Same-sex ballroom dancing popular in Bay Area

OAKLAND, Calif. (KGO) -- ABC television's "Dancing with the Stars" has helped create the biggest resurgence of ballroom dancing since the 1940's and it's not only limited to traditional couples. Oakland recently hosted the national championship for same-sex dancing, a showcase for partners with pride from all over the country.

The competition, now in its 14th year, is called the April Follies. Organizer Barbara Zoloth says it has grown phenomenally since the early days and is now the largest and longest running same-sex dance competition in North America.

Hundreds of people showed up at the Just Dance Ballroom in Oakland to watch and compete. Champion dancer Robbie Tristan says "same-sex dancing has been around for decades in Europe and every major city holds a dance competition." Tristan runs an organization called Gay Ballroom in New York City. He came to Oakland with three other dancers to compete in the April Follies.

The Oakland event is open to adults of all ages, body types and abilities, with elite dancers vying for national titles.

Tommy Belmontez and Drew Miller won the U.S championship in the men's smooth and rhythm categories. Both are dance teachers in Orange County and also compete in what they call mainstream contests with female partners. "When I dance with a woman I am a leader. When I dance with a man I am a follower," Belmontez said.

In same-sex competition, judges have to learn a new set of rules which includes giving extra points for couples who switch the lead back and forth. According to head judge Lee Fox "if you are judging one for the first time, it takes a little bit of getting used to."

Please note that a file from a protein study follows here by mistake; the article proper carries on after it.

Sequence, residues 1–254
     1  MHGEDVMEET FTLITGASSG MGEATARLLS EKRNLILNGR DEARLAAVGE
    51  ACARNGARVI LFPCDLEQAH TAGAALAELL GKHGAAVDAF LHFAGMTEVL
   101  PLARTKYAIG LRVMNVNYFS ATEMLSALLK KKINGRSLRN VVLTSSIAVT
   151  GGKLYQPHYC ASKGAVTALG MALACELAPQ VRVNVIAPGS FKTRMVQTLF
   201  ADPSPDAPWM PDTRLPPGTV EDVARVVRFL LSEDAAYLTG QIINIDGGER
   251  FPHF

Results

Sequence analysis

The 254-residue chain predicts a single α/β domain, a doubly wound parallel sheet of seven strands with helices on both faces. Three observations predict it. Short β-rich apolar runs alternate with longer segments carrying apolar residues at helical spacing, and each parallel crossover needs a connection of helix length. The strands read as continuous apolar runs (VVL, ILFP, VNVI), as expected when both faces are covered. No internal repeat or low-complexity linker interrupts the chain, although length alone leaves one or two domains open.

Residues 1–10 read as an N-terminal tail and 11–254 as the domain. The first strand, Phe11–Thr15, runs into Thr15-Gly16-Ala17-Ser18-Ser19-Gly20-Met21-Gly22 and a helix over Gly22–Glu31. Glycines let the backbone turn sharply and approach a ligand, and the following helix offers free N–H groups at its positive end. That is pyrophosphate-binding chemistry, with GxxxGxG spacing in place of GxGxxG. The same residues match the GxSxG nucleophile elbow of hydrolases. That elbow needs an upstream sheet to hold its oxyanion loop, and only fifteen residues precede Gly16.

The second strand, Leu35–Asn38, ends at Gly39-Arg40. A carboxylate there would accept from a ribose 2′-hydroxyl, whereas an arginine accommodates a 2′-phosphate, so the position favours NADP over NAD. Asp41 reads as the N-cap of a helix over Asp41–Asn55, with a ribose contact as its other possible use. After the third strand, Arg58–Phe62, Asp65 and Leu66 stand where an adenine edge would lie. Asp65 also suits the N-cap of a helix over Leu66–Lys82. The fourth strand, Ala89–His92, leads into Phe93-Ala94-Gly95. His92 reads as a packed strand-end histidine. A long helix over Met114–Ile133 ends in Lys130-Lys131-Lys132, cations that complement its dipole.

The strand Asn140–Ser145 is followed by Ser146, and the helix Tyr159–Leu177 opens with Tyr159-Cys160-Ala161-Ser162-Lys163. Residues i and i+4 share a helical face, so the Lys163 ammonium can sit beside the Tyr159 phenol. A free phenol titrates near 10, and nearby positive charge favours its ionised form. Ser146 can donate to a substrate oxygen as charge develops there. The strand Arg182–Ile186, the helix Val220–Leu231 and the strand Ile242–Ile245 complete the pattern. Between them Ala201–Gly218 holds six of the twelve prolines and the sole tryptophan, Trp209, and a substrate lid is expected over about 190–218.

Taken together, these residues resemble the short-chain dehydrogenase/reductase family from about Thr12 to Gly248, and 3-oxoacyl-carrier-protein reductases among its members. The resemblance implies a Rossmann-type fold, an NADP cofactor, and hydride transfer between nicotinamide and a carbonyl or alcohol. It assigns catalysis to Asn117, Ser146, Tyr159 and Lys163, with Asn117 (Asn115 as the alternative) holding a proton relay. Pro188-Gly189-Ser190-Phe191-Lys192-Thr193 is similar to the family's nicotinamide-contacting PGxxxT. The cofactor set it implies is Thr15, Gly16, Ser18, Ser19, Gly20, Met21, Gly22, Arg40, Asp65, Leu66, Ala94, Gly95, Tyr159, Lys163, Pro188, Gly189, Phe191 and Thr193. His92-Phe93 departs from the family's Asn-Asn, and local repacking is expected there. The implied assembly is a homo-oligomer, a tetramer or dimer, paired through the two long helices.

Many Bay Area ballrooms now welcome same-sex couples and offer classes. Katie Savin and Laura Brezel met at a class called Dancing with the Queers. Now, they are dance partners. "I have wanted to be Fred Astaire my whole life, I have been dressing up like Fred Astaire ever since I was like six," Savin said.

Not everyone who participates in same-sex partner dancing is gay. Melissa Saphir is married to a man. Saphir started dancing with women after California voters passed a ban on same-sex marriage. "That made me so mad, it made me want to compete in the same places all my same-sex dancing friends were competing" Saphir said.

Top level professional ballroom contests still don't allow same-sex couples, but dancers at the April Follies told ABC7 News the same-sex dancing community welcomes everyone. That includes another emerging category of partner dancing, known as "reverse roles," that's when a man and woman dance together, but the woman leads and the man follows.

Champion dancer Ron Jenkins echoed the feelings of many April Follies participants. "It doesn't matter who you dance with as long as you have fun dancing," Jenkins said.

Click here for information on the North American Same-Sex Partner Dance Association.

Click here for information on Vima Partner Dancing.
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Written and produced by Jennifer Olney.
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